Landmark Infrastructure Partners, an energy master-limited partnership (MLP) based in El Segundo, Calif., is purchasing nearly 4,000 acres of land underneath utility-scale PV projects in California for approximately $73 million.
The land in question sits under six renewable power generation tenant sites within four utility-scale solar PV projects, each of which have remaining lease terms of approximately 34 years and long-term power-purchase agreements with stable off-takers like Pacific Gas & Electric and Southern California Edison. The PV projects are owned by Recurrent Energy, the project-development subsidiary of solar panel producer Canadian Solar.
Expected to close in the fourth quarter, the land purchase will be Landmark’s first foray into the solar industry. Landmark currently owns the property under 24 wind turbines.
The MLP owns only the land underneath the PV projects. The solar projects themselves are still owned by Recurrent Energy, which in turn sells the power to the utilities. The utilities pays Recurrent, and Recurrent pays Landmark to lease the land.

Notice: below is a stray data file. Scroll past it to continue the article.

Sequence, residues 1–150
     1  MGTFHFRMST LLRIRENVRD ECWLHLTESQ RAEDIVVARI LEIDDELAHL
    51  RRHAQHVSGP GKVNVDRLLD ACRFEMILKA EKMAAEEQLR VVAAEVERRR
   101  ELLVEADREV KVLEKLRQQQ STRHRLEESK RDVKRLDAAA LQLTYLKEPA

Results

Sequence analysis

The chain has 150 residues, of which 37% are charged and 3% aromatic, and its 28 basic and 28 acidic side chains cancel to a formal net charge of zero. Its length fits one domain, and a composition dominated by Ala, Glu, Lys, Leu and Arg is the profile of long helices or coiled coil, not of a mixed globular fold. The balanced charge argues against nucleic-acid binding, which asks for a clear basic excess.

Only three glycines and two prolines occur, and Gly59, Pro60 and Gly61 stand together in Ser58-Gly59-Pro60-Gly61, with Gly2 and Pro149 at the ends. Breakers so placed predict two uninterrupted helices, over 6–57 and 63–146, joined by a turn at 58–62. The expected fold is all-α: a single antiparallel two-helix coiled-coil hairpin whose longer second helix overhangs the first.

Landmark’s MLP status means that it is taxed as a partnership and not required to pay corporate taxes, giving it easier access to low-cost capital for investments such as the land underneath renewable energy projects.
According to the American Council on Renewable Energy, “a partnership must generate at least 90% of its income from what the Internal Revenue Service (IRS) deems ‘qualifying’ sources [to qualify for MLP status]. For almost all MLPs, these sources include all manner of activities related to the production, processing and transportation of oil, natural gas and coal.”
“This effectively allows business to avoid double taxation at both the entity level and the shareholder level, provides a stable cash flow to investors through dividend payments and played an important role in attracting capital to fossil fuel sector.”
At present, MLPs can’t own actual renewable energy assets such as wind turbines and solar arrays because renewable energy assets are not listed as “qualifying sources” of income under the Technical and Miscellaneous Revenue Act of 1988, which allows MLPs to operate in the fossil-fuel industries.
In an effort to add renewable energy assets to the list, the MLP Parity Act was introduced for the third time on June 24, 2015 (having failed to get out of committee in 2012 and 2013) by Senator Chris Coons (DE), member of the Senate Appropriations Committee’s subcommittee on Energy and Water Development . The bill was again referred to committee, which is where it currently sits.
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